I wish I’d read HIDDEN FIGURES: The American Dream and the Untold Story of the Black Women Mathematicians Who Helped Win the Space Race by Margot Lee Shetterly before the movie made the basic concept — that a number of black women “computers” (originally a term for human number-crunchers) helped plot the necessary math for the space program — familiar to me. That said the details are quite interesting, going back to WW II and the military’s need for computers to help figure out the complexities of air flow and pressure in aeronautical engineering. Black women with math skills had no future outside teaching, so they seized the opportunity as a better-paid, more challenging alternative. When Sputnik made the space race a priority, many of the women jumped to NASA (I’d never realized how much precise calculation is involved in sending a capsule into orbit and landing it in the right spot in the ocean), culminating in math whiz Katherine Johnson helping review the computer calculations for Apollo 11. This an interesting slice of history, including the always amusing tech details of ancient computer tech (high-speed data transmission of 1 kilobyte a second!) though it’s not exactly dramatic: the women did grapple with sexism and racism but they didn’t have the kind of turning points that make for a character arc (that is not the book’s fault, of course).
In the opening of Walter Gibson’s THE GHOST MAKERS a seance for wealthy patrons goes wrong when someone ends up stabbed; Det. Cardona suspects the killer was anything but a spirit, but which of the attendees did it? Fortunately the Shadow is on the case, which turns out to involve a network of phony mediums pooling their resources to pull off bigger scams, like having multiple suckers invest in the same crap stock. A couple of years after Gangdom’s Doom assured us the Shadow doesn’t kill and he’s still not as murderous as I envision him, frequently shooting guns out of hands rather than killing crooks. This is a solid series entry; there’s at least one more ghost-busting tale in the series, House of Ghosts.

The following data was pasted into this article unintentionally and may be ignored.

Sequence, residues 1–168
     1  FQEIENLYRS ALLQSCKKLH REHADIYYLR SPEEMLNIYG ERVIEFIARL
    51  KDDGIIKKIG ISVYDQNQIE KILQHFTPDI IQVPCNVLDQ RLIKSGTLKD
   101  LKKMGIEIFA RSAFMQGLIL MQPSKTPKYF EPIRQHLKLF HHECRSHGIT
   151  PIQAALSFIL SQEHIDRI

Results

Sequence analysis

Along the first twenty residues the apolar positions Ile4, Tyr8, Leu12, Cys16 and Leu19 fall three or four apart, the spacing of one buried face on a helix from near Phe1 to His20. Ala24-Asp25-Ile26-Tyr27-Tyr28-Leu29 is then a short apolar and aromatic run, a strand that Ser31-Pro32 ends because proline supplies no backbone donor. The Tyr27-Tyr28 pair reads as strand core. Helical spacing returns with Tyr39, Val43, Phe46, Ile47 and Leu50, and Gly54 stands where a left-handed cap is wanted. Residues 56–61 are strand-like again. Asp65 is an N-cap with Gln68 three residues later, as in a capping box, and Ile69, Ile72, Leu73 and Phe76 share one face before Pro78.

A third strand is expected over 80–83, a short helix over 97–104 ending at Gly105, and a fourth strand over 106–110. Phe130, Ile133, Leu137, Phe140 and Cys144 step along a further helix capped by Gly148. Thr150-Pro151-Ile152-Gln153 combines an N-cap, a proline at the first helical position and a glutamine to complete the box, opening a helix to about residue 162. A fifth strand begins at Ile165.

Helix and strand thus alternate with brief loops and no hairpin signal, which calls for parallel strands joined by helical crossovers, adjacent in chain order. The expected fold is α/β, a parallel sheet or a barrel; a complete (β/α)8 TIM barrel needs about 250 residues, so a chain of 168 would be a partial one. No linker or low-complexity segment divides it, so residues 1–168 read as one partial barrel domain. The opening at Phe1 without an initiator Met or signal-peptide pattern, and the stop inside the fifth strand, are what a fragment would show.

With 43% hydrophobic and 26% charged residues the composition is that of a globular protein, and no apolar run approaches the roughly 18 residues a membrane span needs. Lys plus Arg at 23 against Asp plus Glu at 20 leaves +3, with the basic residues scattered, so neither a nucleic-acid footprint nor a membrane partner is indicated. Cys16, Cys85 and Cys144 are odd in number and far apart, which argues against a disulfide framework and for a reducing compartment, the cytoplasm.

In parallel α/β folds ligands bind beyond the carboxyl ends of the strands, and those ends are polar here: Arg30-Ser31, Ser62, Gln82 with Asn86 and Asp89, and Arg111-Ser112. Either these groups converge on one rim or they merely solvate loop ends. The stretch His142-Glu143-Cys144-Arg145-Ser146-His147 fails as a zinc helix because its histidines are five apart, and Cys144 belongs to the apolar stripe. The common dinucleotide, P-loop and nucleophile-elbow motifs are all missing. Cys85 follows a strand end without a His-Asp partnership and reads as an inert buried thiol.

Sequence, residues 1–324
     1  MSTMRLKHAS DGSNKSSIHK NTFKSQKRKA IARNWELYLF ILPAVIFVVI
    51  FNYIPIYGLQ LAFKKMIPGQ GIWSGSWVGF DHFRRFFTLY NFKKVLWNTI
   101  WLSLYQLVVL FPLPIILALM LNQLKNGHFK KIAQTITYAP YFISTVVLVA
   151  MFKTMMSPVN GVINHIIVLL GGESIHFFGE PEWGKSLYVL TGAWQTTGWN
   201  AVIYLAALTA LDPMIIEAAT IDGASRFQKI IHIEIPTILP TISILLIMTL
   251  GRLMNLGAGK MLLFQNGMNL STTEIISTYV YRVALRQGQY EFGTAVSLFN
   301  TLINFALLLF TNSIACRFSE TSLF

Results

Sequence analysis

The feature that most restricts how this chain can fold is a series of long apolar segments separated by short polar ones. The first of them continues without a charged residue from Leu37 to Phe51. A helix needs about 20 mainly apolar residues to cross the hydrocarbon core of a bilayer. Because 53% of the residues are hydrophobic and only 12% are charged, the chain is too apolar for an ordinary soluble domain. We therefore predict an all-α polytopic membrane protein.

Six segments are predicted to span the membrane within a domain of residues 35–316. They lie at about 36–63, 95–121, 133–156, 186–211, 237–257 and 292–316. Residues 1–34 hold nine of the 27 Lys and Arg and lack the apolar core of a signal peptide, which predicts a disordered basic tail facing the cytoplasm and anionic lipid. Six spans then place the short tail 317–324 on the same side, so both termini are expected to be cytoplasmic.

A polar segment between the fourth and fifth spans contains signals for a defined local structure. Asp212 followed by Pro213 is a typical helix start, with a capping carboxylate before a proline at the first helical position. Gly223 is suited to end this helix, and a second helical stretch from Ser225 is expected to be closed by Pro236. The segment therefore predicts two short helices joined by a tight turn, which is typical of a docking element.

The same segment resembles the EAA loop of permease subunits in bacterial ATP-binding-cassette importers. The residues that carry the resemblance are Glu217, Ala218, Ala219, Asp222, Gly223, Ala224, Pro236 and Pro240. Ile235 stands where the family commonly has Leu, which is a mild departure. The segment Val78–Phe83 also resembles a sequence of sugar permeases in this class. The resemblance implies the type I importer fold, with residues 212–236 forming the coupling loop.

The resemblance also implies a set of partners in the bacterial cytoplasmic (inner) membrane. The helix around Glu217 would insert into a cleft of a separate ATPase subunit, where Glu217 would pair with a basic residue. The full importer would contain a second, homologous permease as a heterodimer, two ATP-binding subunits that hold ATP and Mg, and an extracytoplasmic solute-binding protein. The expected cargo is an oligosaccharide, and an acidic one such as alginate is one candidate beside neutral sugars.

While Scott and Amundsen taught me scurvy was an ugly disease, I had no idea until reading SCURVY: How a Surgeon, a Mariner and a Gentleman Solved the Greatest Medical Mystery of the Age of Sail, by Stephen R. Bown how nightmarish it was. Because the loss of vitamin C affected collagen, for instance, broken bones that had previous healed would suddenly un-knit in serious scurvy cases. This had disastrous effects on the British navy in an age when shipboard conditions could weaken even strong, healthy men but the admiralty stubbornly resisted treating seamen as anything but cannon fodder; the medical profession’s antiquated view of how disease worked made it next to impossible to think coherently about the problem. Ship’s surgeon James Lind and Captain Cook saw the light but couldn’t dent official dogma, so it was left to physician Gilbert Blane, who had not only good research but good social connections, to win the fight. A good medical history.
I presume the protagonists of Edward Eager’s MAGIC OR NOT mentioning Half Magic as a favorite book of theirs is meant to signal the new story is not in that continuity. In contrast to the blatant magic of the first four books, here the wishing well they’re using to help people is so subtle they wind up wondering if it was their imagination. Probably not (as they point out that would take every adult in town being in on fooling them), but this remains a fairly ordinary children’s adventure, not up to the earlier tales.
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